Once the importance of geodiversity is fully recognized by policy-makers, managers, and the society in general, the fulfilment of the UN Sustainable Development Goals will be for sure closer than it is today.

How to cite: Brilha, J.: Challenges in the development of the geodiversity concept, EGU General Assembly 2021, online, 19–30 Apr 2021, EGU21-15619,, 2021.

Alizia Mantovani, Vincenzo Lombardo, and Marco Giardino

The concept of geoheritage took more and more relevance since the International Conference of Protection of Geological Heritage in 1991 (Martini, 1994). 

During these 30 years, many authors have been proposing their definitions of geoheritage. The analysis of these definitions highlights how the geoheritage concept is deeply connected with geodiversity and geoconservation. All the definitions tend to select geoheritage among the geodiversity elements that are worthy of inclusion into the geoconservation programs because of their value for humanity. The “relevance for humanity”, however, seems to diverge in the several definitions, in what are the values and the qualities that a geological feature should possess to be considered part of geological heritage. For example, the list of values proposed by Shaples (2002), including tourism and sense of place, differs from the list proposed by Brilha (2016), including values as economic and functional, and they both differ from the geosystem services approach by Gray (2013), where relevant values are also provisioning and regulation. Lately, Brilha (2018) stated that only the scientific value is a condition to include a geologic feature in the geologic heritage category. However, the definition of what this “scientific value” represents is not clear, as for the other values of the different lists provided by the various authors.

The result of this variety of definitions and qualities raises a high level of ambiguity, with the result that some geological features may be considered geoheritage by one author and not by another author.

The aim of this presentation is to analyze the definitions of geodiversity geoheritage and geoconservation and address the differences and similarities with a semantic approach. This is the first step of a wider research: we will address the state of the art to pursue a semantic characterization of definitions and their encoding into an ontological, machine-readable approach, with the aim to reduce the level of ambiguity of the above cited concepts. This research can lead to improve the knowledge about geodiversity and geoheritage and increase the transparency in the decision process for what concerns programs of geoconservation and institution of geosites or geoparks.


Brilha, J., 2016. Inventory and Quantitative Assessment of Geosites and Geodiversity Sites: a Review. Geoheritage 8, 119–134.

Gray, M., 2013. Geodiversity: Valuing and Conserving Abiotic Nature, 2nd ed. Wiley Blackwell, Chichester, UK.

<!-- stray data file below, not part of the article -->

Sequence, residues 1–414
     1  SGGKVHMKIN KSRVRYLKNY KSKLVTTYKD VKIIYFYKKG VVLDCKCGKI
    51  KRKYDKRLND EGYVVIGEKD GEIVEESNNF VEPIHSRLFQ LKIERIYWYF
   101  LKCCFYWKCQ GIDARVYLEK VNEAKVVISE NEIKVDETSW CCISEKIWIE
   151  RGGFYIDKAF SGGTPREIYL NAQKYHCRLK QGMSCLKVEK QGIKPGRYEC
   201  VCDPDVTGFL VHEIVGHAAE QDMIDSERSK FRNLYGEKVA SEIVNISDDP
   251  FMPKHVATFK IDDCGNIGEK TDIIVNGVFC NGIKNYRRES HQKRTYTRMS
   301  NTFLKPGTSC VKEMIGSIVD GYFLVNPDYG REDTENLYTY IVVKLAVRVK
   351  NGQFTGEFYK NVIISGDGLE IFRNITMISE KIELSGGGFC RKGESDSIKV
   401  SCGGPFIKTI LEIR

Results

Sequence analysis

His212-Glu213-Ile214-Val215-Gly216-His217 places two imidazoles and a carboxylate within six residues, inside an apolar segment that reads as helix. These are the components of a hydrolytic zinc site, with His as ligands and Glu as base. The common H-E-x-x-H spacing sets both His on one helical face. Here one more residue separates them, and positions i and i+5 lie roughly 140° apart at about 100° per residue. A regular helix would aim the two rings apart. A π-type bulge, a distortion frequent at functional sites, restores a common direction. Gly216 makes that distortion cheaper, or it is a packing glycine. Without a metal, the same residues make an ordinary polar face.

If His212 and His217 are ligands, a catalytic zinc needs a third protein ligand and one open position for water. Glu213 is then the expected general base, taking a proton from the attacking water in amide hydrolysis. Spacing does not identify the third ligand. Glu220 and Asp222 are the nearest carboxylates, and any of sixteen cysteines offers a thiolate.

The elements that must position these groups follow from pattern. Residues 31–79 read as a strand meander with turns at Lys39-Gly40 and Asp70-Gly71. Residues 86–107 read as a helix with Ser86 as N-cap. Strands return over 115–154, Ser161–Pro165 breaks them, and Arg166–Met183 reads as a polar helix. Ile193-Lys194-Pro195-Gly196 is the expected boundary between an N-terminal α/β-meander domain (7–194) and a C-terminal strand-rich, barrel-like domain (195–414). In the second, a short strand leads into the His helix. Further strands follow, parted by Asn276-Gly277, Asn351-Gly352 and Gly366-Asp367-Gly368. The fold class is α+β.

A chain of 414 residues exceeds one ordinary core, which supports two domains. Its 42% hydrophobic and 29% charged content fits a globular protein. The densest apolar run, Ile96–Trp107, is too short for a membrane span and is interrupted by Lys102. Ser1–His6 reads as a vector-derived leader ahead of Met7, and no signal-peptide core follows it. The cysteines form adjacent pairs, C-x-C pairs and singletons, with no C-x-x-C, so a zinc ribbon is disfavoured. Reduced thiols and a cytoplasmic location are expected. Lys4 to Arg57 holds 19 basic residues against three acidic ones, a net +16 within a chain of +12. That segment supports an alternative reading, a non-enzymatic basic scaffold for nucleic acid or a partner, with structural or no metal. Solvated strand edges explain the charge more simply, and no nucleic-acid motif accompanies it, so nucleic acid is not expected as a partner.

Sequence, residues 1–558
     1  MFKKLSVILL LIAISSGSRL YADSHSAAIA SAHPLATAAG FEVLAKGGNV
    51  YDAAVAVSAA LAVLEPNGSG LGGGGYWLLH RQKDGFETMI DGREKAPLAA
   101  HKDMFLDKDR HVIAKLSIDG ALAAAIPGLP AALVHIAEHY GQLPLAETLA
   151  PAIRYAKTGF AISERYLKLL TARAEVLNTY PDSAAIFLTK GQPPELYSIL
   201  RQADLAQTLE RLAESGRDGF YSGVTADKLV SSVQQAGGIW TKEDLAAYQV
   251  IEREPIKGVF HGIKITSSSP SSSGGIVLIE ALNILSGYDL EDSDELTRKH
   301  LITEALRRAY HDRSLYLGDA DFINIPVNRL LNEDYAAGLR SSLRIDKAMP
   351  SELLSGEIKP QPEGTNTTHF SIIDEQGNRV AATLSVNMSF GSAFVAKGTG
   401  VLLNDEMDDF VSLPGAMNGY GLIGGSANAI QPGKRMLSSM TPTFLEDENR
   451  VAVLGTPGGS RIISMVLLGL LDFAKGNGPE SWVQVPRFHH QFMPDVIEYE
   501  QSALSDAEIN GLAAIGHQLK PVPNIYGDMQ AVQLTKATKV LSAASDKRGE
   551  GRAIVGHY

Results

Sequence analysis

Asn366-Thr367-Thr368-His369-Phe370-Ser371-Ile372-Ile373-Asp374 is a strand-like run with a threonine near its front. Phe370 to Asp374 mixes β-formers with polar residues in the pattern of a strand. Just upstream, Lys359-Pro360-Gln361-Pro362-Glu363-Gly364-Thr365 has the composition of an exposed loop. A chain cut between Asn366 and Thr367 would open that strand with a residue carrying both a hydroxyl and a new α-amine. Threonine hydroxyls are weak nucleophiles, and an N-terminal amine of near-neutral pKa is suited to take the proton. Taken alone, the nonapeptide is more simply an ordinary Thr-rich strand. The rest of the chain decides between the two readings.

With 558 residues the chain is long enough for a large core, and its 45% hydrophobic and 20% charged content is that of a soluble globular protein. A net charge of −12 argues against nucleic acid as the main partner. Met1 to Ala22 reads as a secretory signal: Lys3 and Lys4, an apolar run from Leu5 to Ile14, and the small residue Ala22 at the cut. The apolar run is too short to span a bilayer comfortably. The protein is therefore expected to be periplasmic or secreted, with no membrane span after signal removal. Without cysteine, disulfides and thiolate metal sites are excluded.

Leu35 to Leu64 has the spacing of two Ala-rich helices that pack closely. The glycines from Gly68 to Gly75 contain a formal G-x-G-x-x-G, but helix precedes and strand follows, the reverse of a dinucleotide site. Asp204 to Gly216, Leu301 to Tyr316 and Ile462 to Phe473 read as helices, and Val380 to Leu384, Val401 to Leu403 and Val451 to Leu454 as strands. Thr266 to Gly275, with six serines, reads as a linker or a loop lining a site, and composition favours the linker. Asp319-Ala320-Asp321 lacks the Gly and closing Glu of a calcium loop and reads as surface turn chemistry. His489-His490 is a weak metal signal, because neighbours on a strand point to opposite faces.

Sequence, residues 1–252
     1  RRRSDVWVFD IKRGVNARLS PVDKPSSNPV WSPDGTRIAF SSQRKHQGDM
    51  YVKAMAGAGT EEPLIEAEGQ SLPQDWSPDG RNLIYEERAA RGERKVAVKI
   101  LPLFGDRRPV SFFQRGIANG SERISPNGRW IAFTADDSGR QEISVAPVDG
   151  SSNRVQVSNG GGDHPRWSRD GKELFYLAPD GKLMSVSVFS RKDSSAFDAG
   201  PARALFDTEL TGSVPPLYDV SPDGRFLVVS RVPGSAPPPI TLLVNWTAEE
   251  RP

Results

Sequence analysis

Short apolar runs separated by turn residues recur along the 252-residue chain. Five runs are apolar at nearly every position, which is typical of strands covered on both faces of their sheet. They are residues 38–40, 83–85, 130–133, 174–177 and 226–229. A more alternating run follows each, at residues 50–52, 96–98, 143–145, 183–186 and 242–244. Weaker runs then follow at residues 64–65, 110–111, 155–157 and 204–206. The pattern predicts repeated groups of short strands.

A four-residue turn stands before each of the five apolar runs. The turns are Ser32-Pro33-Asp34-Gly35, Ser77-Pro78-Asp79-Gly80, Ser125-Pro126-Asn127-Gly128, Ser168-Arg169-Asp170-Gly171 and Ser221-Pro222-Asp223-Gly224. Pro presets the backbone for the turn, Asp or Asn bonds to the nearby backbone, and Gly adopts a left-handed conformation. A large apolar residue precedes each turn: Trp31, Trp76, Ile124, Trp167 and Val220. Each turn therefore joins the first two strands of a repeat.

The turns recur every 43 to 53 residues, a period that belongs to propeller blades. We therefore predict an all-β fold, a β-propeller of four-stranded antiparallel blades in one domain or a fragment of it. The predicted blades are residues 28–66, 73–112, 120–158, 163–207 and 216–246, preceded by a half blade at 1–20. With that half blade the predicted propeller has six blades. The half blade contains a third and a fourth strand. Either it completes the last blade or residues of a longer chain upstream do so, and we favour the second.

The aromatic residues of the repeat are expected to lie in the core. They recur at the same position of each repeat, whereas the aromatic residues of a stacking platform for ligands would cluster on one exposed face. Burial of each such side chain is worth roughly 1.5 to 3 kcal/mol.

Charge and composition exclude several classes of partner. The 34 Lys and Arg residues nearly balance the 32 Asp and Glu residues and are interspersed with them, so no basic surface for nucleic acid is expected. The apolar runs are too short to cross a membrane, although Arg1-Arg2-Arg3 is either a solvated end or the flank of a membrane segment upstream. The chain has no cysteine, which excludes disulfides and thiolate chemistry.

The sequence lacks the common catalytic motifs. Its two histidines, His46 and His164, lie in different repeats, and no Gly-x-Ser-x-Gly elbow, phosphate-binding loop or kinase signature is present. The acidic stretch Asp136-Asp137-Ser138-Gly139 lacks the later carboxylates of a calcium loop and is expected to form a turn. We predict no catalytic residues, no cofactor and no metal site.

Martini, G. (Ed.), 1994. Actes du Premier Symposium international sur la protection du patrimoine géologique: Digne-les-Bains, 11-16 juin 1991. Sociètè Gèologique de France, Paris.

Sharples, Chris. (2002). Concepts and principles of geoconservation.



How to cite: Mantovani, A., Lombardo, V., and Giardino, M.: Geodiversity, Geoheritage, Geoconservation: a semantic challenge, EGU General Assembly 2021, online, 19–30 Apr 2021, EGU21-15820,, 2021.

Melinda McHenry

Though interpretations of the concept of geodiversity vary widely between the prominent researchers and practitioners of Australia, most agree that the definition is inclusive of abiotic elements (which can be detected spatially and assessed quantitatively), and their associated values (which can be used in reserve system planning, geotourism and to relate culture and nature to elements and functions). Challenges in Australian geodiversity assessment and representation are three-fold - there is lack of recognition of the concept across the nation, spatial datasets are incomplete or inadequate in some regions, and the spatial extent of some elements extends hundreds of kilometres whilst other potentially equally-significant elements occur at scales of tens of meters.

In this presentation, I present three case studies of Australian geodiversity. I first explore a regional interpretation of geodiversity, in a spatially-heterogenous protected area in Tasmania - a place that has myriad unique superlative natural values. I demonstrate that the delineation between elements of geodiversity is supported by a geological framework, that facilitates adequate rank comparisons of similar landforms and/or geological types across variable topography and vegetation communities. I then demonstrate the challenges associated with values-based assessment of geodiversity at this scale - that nearly all elements become regionally significant, there are many singular examples that cannot be adequately compared, and that the additional values associated with superlative landform elements may skew the spatial expression of more scientifically significant forms.